For those who enjoy history, let me offer a brief lesson in YA history: Sarah Trimmer was a strong Anglican church-goer who dedicated her time and her fortune to building schools, teaching Sunday School, and writing books for children. She believed the surest path to success for British children of the working poor in the late 1700’s and early 1800’s was for them to learn to read, and she did all she could to make that happen. Ms Trimmer particularly believed that teaching children Bible stories would help them to live out their faith, make them better people, and therefore improve the world. She was a reformer, and one of the most influential women of her day. She is also the person who came up with the notion of classifying books as appropriate for “Children” or “Young Adults” (which in her day was from age 14 to 21), and explained that some books needed to be written especially for the members of our society who are no longer children but are not yet adults. I note this only because contemporary publishing still uses Ms Trimmer’s classifications for children and YA novels. (And yes, I love publishing history. This is the sort of thing we have to remember so that future generations understand where they came from.)
Someone named Dale wrote to me — which excited me no end, since I can now say this part of the blog is from Chip and Dale — and noted, “I am deep into a middle-grade novel that was inspired by some drawings done by a colleague of mine. I’ve heard that some agents might be leery of an author who includes illustrations along with his manuscript. Do you have any advice?”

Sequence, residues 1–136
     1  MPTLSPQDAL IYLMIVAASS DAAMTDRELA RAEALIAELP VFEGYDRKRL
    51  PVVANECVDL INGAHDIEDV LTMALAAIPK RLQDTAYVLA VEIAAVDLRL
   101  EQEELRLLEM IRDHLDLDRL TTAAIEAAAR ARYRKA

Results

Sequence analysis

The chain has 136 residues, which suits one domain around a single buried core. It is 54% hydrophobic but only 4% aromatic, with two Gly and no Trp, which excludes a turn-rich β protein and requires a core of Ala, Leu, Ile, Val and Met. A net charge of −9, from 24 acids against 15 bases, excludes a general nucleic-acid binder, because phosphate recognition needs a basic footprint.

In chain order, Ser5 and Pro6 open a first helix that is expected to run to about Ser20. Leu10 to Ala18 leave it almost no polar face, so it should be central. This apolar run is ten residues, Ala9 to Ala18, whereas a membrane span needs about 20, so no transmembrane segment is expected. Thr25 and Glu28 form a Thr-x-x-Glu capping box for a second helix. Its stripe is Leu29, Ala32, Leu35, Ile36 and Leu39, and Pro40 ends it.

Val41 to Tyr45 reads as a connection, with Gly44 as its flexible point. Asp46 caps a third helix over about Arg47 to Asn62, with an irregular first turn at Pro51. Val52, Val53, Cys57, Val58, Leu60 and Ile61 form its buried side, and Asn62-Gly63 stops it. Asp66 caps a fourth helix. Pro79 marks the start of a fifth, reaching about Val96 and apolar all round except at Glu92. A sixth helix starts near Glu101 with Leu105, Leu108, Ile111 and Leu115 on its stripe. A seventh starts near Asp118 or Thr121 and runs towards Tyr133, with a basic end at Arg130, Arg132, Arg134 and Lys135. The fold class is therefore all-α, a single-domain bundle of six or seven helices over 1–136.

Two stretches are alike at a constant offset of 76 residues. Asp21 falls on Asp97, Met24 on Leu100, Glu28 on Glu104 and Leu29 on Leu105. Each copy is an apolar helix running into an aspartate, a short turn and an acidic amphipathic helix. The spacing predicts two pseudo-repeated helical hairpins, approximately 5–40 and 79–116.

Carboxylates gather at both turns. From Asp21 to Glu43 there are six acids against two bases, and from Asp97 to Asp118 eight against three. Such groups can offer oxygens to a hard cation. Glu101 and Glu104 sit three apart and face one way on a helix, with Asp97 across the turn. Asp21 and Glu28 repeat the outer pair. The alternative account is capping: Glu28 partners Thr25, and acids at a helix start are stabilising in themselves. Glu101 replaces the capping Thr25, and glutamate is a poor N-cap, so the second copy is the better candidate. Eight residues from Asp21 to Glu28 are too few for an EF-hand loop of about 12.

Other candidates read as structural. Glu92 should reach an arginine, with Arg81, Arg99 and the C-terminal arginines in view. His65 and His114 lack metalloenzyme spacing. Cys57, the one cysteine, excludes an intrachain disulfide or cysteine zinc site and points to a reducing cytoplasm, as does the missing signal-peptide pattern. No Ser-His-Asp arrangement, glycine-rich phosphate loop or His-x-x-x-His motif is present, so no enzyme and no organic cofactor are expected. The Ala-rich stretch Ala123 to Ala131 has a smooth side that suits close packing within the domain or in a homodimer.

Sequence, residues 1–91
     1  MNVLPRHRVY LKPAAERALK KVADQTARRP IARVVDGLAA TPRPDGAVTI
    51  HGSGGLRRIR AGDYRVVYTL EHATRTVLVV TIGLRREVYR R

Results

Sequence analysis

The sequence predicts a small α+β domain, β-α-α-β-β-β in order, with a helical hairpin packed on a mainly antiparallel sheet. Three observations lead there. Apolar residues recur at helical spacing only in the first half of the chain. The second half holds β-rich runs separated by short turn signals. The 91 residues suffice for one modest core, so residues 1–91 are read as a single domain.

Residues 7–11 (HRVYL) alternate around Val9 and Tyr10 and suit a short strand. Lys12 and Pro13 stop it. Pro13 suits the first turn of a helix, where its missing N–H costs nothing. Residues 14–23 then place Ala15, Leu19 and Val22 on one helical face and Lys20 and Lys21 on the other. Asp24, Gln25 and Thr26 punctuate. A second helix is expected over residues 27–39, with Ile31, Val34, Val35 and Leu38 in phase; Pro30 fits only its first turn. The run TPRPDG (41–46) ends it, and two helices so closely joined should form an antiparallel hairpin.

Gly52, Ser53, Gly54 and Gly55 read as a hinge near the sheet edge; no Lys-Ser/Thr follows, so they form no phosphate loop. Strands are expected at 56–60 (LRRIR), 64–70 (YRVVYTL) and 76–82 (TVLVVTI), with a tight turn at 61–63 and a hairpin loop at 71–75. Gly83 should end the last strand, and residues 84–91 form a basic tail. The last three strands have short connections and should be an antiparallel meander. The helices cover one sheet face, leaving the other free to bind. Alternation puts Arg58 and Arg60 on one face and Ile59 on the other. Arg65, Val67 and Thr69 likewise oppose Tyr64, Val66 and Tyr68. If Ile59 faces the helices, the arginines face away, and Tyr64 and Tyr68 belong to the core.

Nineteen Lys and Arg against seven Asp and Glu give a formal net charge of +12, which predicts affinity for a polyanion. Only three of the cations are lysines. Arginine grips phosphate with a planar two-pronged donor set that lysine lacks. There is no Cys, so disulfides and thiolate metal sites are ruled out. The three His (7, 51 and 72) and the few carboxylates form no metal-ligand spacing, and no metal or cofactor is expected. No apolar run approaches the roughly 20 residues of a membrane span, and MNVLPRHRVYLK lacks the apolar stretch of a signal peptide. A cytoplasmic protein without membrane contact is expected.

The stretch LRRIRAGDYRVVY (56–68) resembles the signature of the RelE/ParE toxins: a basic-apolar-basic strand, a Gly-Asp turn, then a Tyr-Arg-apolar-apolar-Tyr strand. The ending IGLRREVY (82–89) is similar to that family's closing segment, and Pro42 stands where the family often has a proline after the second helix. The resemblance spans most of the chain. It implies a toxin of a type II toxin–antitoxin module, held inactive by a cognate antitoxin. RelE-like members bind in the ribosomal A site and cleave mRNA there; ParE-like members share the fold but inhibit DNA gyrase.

Yes, I do: Don’t send the drawings with your novel. Just send the words, and try to get a deal based on the quality of your writing. Once a publisher likes it, you can always forward the drawings and say, “This is what inspired me, and I thought something like this might be appropriate for you to use with my book.” But don’t get your hopes up — it’s rare for an editor who likes the words to also like the artwork. Or sometimes to have much input into the artist.
And someone wrote to ask, “What is your take on prologues — do they help or hinder a novel? It’s my opinion they can be helpful in providing some backstory when done properly, but I’ve heard some agents despise them.”
I’m always looking for a great story. If that story requires a short prologue to set it up, so be it. I’m not opposed to prologues per se, but the problem with most prologues is that they are either too long (offering a bunch of boring details) or completely unnecessary (and therefore pushing me away from the actual story). I frequently see beginning novelists insert a prologue because they think I’m not smart enough to follow the story on my own. They could be right, of course… maybe I’m not that smart. But what I’d prefer to see is writing that is strong enough we jump right into the story, and I pick up the details I need after I’m caught up in the events and characters.
Does that help? Happy to answer your publishing questions — send them along.